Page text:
Kingship Essay Macbeth

Macbeth Kingship Essay


With detailed reference to the characters of Macbeth, Duncan, Malcolm and Edward in the play ‘Macbeth’, analyse William Shakespeare’s ideas and attributes towards kingship and assess what you think the audiences reaction to the play would be at the time.

Shakespeare’s ideas towards kingship can be seen throughout the play. He shows that a king should be chosen by divine right and shows the attributes of what a good king should be.

The play ‘Macbeth’ is set in medieval Scotland at the fictional time of King Duncan. Scotland is currently at war with the Norwegians when news of their victory comes through, with thanks to the two leaders of the army Macbeth and Banquo. On their travel home Macbeth and Banquo stumble upon some old hags, and they predict Macbeth’s future to him. This startles Macbeth and his hunger for power grows so much that he and his wife plot to murder the well-respected King Duncan. Under Macbeth’s reign, Scotland becomes a country of turmoil because of the wicked leadership. Macbeth murders his best friend and another friend’s family and because of this Tyranny, paranoia sets in on Macbeth who sees many ghostly visions of people he sent out to be murdered. Scotland greatly suffers under his reign, this turns Lady Macbeth mad, and she eventually commits suicide. Macduff, eventually goes to England to ask for the help of the noble king Edward, who is highly respected for help to overthrow the leadership of Macbeth, and so the Anglo-Scottish revolt sees Macbeth to his death and Malcolm the son of Duncan is proclaimed king of Scotland.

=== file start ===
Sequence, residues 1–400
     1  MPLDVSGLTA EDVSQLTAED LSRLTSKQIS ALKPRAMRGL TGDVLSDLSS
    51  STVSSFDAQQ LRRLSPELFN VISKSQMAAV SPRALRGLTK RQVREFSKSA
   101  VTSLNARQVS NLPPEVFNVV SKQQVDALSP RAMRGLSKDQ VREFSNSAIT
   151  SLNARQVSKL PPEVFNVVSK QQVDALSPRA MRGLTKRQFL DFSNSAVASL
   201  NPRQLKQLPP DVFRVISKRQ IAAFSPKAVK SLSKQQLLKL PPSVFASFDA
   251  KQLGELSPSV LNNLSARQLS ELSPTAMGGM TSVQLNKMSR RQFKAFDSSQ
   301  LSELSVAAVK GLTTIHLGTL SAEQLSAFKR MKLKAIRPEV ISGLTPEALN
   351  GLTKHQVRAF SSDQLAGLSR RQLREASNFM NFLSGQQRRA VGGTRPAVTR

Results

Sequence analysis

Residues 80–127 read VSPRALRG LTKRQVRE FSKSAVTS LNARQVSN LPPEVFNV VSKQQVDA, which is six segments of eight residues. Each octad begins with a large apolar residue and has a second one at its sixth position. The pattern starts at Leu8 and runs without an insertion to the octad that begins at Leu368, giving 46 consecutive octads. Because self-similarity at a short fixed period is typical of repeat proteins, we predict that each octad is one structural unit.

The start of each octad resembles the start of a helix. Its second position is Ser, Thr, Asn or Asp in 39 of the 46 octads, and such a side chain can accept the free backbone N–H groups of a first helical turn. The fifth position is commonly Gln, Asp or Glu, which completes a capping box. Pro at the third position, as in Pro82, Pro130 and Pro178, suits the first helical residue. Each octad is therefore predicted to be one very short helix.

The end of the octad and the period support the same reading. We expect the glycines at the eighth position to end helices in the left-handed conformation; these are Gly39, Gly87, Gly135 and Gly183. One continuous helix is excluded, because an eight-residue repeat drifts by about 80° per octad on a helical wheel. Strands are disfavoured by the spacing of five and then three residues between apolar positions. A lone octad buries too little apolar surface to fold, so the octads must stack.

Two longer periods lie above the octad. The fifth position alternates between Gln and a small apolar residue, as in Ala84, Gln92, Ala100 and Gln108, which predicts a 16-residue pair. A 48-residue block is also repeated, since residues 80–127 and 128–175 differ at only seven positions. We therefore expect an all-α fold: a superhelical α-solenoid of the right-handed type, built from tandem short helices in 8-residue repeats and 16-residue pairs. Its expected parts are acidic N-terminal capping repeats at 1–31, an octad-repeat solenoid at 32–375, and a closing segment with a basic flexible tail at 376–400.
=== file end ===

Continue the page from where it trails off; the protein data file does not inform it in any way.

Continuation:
Macbeth is the main character in the play and starts the play as a very hard fighting, loyal soldier whose bravery had just led the way to a victory over the Norwegians. It could be an essay in its own right to talk about how the character of Macbeth develops and changes, at the beginning he is a god-like hero –a firm, strong, loyal character. But through allowing his ambition to suppress his good qualities, he becomes ‘this tyrant’ (act4 sc3 L12 –Malcolm), this ‘dwarfish thief’ (act5 sc3 L12 –Angus) and this ‘hellhound’ (act5 sc6 L42 –Macduff). The character of Macbeth is a study of how one person can degenerate from ‘Bellona’s bridegroom’ (act1 sc2 L55) to ‘this dead butcher’ (act5 sc6 L108). Ambition is his fatal weakness. He allows, first the witches’ prophecy act1 sc3 L46-50 and then his wife’s ambition for him, to undermine his integrity act1 sc5 L58-68. He is not easily won over by evil, his love and respect for Duncan is evident throughout the play. Because Banquo knew the prophecy of the witches, he ordered his death in case he thought that he might have killed Duncan, act3 sc1 Line start – 10 Banquo says he has all three as the witches predicted. Under his reign of tyranny, he kills and slaughters. A dominant feature about the play is that when there is a bad king, the country as well suffers, and many characters talk of how Scotland is suffering act4 sc3 L168-169 ‘Where sighs, and...